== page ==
When winter rolls around, it’s tempting to get lazy with your dog poop clean up. Heck, it’s easy to get lazy with it all the time. That said, as temperatures cool and getting back inside becomes priority number one, it may be even more important to clean up after your dog, and to give your yard one final deep clean before snow falls.
Here are a few reasons to take extra care in cleaning up your yard before a snowy winter.
The winter poop fairy does not exist
This fact sounds obvious, but it’s important to clarify nonetheless. What we mean is: nothing is going to magically deactivate or disintegrate your yard’s dog poop when the snow covers it all up. While ice and snow certainly slow bacterial growth when freezing dog poop, this is like hitting the pause button, and the regular health hazards of leaving poop in a yard will reappear after the winter.
Spring is coming… with a vengeance
The fact that spring immediately follows winter, the season when many dog owners neglect to clean up dog poop, is almost poetic. Spring is a famously wet season, and wet weather has a tendency to make dog poop much more difficult to clean up. Also, running water from heavy rains or seasonal flooding can carry dog poop into water sources, polluting water meant for human consumption. Sounds like mother nature’s revenge on the irresponsible dog owner!
Start by cleaning your lawn entirely in the fall, when the weather is more conducive to cleaning dog poop. During the winter, be diligent about cleaning your pup’s poop. You’ll be doing yourself a favor when April’s showers arrive.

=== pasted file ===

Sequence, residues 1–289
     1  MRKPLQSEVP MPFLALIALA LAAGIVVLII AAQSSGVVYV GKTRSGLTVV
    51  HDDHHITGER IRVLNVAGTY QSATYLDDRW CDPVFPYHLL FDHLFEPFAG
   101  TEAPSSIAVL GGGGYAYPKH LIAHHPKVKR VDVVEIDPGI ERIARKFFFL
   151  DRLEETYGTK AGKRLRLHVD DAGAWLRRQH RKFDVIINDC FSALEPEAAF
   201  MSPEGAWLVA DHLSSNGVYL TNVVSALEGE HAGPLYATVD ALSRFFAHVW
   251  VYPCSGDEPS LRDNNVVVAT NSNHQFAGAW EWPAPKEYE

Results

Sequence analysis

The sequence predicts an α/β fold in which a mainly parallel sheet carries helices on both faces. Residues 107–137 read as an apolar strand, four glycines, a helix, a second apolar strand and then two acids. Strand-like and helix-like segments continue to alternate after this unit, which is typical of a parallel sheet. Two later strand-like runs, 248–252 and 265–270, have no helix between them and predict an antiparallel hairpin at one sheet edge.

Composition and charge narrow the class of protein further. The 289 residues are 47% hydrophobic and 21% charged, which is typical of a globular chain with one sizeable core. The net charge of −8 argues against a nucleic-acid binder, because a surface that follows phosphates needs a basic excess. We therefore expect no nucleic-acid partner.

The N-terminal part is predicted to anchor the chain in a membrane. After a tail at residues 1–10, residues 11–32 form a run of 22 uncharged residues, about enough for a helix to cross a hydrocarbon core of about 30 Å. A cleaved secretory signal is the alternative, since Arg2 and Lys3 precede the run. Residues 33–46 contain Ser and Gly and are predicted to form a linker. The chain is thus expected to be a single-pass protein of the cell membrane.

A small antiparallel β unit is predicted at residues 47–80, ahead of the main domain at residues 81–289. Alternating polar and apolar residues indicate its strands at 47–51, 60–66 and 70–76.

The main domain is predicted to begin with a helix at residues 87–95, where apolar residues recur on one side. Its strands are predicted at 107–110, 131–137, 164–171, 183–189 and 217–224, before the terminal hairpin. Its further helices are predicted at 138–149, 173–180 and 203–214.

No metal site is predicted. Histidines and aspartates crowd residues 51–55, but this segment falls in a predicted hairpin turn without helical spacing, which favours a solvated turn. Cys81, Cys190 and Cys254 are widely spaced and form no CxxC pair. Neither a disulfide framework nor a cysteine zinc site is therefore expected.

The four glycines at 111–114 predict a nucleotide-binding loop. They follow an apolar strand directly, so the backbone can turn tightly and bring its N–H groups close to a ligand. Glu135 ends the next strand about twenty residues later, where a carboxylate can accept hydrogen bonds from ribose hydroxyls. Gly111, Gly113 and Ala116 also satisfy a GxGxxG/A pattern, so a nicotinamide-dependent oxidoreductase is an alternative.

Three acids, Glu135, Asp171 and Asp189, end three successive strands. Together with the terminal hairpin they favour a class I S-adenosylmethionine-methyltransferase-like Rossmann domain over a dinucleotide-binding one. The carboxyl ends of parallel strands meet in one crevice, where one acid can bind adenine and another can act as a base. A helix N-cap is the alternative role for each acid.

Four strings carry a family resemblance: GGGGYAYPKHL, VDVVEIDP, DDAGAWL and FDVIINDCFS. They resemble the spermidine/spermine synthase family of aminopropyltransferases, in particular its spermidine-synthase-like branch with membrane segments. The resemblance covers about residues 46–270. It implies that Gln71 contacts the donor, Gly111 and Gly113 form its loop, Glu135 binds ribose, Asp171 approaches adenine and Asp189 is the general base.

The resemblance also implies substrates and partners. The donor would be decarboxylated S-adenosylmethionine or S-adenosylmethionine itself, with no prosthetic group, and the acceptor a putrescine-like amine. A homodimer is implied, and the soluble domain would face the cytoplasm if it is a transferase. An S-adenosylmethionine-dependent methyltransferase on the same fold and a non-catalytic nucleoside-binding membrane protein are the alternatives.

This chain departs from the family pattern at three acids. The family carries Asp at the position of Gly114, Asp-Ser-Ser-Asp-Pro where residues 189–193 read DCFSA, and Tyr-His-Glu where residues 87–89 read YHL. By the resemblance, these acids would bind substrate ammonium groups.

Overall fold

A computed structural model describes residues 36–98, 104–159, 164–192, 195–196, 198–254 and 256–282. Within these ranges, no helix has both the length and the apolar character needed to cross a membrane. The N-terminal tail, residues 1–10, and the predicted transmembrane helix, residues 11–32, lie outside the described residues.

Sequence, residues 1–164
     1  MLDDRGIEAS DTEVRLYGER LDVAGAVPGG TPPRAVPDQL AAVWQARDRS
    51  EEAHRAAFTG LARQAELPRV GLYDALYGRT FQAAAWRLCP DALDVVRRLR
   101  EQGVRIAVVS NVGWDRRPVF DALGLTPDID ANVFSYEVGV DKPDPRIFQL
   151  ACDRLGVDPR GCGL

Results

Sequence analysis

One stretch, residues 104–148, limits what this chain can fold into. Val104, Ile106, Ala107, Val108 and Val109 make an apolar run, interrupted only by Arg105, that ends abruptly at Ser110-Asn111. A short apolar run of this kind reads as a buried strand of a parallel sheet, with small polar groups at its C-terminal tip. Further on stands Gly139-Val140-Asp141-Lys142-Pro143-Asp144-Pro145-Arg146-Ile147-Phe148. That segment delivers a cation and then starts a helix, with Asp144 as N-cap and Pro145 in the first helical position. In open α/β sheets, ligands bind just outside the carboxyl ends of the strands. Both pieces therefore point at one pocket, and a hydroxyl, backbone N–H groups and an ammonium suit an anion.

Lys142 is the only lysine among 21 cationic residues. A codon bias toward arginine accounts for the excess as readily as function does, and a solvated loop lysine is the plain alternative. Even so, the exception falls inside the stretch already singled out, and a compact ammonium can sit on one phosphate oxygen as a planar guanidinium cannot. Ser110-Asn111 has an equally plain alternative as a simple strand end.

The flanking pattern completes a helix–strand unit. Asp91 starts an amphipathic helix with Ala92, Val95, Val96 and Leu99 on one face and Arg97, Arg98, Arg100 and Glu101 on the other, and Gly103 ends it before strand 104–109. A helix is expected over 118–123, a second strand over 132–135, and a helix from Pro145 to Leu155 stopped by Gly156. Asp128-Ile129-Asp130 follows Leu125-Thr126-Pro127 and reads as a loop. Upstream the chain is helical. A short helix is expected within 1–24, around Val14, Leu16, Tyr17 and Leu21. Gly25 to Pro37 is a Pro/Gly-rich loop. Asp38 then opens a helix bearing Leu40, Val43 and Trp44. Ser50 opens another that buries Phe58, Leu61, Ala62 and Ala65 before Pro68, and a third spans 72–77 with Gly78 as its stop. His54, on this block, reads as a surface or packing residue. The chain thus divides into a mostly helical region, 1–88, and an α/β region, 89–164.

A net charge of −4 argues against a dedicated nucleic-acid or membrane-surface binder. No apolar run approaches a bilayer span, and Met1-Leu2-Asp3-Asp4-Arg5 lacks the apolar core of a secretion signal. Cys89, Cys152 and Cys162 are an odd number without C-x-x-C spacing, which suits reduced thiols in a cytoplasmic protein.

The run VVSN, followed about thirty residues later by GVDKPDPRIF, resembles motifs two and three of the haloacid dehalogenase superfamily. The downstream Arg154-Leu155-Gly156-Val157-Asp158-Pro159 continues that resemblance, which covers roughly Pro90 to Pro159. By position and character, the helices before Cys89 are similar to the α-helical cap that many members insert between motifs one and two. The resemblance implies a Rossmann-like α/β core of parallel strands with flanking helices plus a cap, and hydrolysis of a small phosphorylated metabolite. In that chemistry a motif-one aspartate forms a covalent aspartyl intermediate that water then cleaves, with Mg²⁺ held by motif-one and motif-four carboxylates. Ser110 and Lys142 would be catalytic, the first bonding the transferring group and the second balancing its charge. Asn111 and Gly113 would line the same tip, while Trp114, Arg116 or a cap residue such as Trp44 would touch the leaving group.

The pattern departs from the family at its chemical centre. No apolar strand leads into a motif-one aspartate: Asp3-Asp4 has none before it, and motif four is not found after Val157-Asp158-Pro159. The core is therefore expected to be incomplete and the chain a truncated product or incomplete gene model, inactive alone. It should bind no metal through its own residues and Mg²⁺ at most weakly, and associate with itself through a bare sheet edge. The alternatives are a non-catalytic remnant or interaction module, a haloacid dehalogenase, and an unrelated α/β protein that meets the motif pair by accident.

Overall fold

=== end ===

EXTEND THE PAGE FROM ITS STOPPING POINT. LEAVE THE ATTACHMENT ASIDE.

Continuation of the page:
Melting snow is a bacteria highway
In addition to spring rainstorms, melting snow will inevitably wet your yard, making dog poop very difficult to remove, and creating a hotbed for hazardous bacteria in your lawn. This poop-infected snowmelt can hurt plant growth in your yard and pollute important waterways as well!
In addition to these reasons for keeping a clean yard before winter, its important to remember that responsible dog ownership is simply the ethical move. While a neighbor may not notice your dog’s forgotten poops when they are buried in snow, the poop-sicles will be an unwelcome surprise come spring.
So do the safe, green, and neighborly thing, and always clean up after your pet!